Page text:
Peter Allen famously sang about how “everything old is new again” and warned us not to “throw the past away.” And thanks to visionary director Mathew Green, the Champaign Urbana Theatre Company’s latest production of Our Town offers us a retelling of Wilder’s classic that honors the play’s storied past while exploring its relevance for today’s audience.
From the moment I saw the first social media post about CUTC’s Our Town, I was excited, curious, and full of questions. This week, Mathew Green graciously offered to respond to some of those questions in the interview that follows. I hope our discussion will inspire you to take advantage of this opportunity to revisit Our Town this weekend at the Parkland College Theatre.
Smile Politely: What inspired you to take on a production of Our Town?
Mathew Green: I’ve loved the ideas at play in Our Town since the first time I read it, many years ago. And when the opportunity arose to direct with CUTC, I immediately thought of this because it’s such a good fit for a community theatre group.
SP: Wilder called Our Town his favorite out of all his works, but famously complained that directors often got it wrong. He insisted that it “should be performed without sentimentality or ponderousness–simply, dryly, and sincerely. What approach or vision has inspired your direction?
Green: I emphatically agree with Mr. Wilder on this. I think there’s a tendency to over-sentimentalize the play that robs it of its point. One of the discoveries made in the play is that we don’t see how wonderful life is until it’s too late. With that in mind, our production treats everyday life as just that.
SP: What does Our Town have to teach us today?
Green: I think sometimes the message of Our Town is misconstrued. Instead of focusing on how much we should appreciate our lives and our loved ones, I think people put too much of the emphasis on the “simpler times” aspect of it. I’m not very interested in that. I don’t think times were simpler. I don’t look back on the past – especially a homogenized Anglo-Saxon Protestant past or the pretense of one – as being in any way preferable to today. I think families are families and struggles are struggles. There are still universal themes to be found.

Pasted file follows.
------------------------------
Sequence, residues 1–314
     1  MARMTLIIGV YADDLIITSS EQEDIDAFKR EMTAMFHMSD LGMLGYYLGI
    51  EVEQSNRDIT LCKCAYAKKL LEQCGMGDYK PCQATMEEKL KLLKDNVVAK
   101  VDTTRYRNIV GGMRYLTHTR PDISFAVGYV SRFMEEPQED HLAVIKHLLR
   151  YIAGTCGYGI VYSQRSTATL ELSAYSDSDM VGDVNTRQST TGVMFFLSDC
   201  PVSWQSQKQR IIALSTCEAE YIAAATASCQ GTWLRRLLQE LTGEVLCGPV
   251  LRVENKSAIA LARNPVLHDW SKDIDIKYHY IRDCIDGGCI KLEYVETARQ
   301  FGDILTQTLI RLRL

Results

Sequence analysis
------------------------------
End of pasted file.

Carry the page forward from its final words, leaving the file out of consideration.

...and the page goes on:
SP: When we think of meta-theatrical plays (plays within plays) we often think of Our Town, with the character of the Stage Manager breaking the fourth wall and the characters often using mime rather than props. As a director, how did you approach a staging technique which, at its time was groundbreaking and revolutionary, but has become a form of irony in both live drama and film?
Green: I would like to think that Wilder’s meta-theatrical approach is still effective, and I’ve taken it pretty literally. To this extent, we’ve tried to make the Stage Manager less of a narrator and more of an actual stage manager. Being married to a very skilled stage manager, I know there’s more to it than just informing the audience. We have taken Wilder’s in-text references to the play as a play very seriously. We’ve tried never to lose completely the idea that you’re watching actors play parts.
SP: Our Town is “about” many things, one being life in a small community. Does a community production of the play allow you to explore that layer more deeply?
Green: I said in a Facebook post recently that, to me, the show epitomizes the idea of “community theatre” – in the best way possible. We have a cast that is diverse in pretty much every way, including in terms of experience. We have students, veteran local actors, and people who are taking their first stab at acting. And I think we’re all the better for it. We’ve had to come together and work as a team to tell this story, and everyone rose to the task.
SP: What else can our readers expect from this production? How do you make this story new to today’s audience?
Green: I’m always looking for the best way to tell a story. With Our Town, I get to explore my favorite kind of theatre, which is minimalism. I love plays and musicals that bowl you over with elaborate sets and pyrotechnics, and some plays really shine with that kind of treatment; but for me, there’s nothing more compelling than a table, a couple of chairs, and actors who are committed to telling you a great story. It’s thrilling how much beauty you can get out of such simple elements.
SP: What’s next for you?
Green: Since we did The Crucible for Parkland College Theatre back in the fall of 2017, Yen Vi and I have worked on seven shows with very little air between them. So there’s a little vacation coming up. I know we’re working on Peter and the Starcatcher for Parkland next fall. Until then… we’ll see what summer brings.
Top image and rehearsal photos from The Champaign Urbana Theatre Company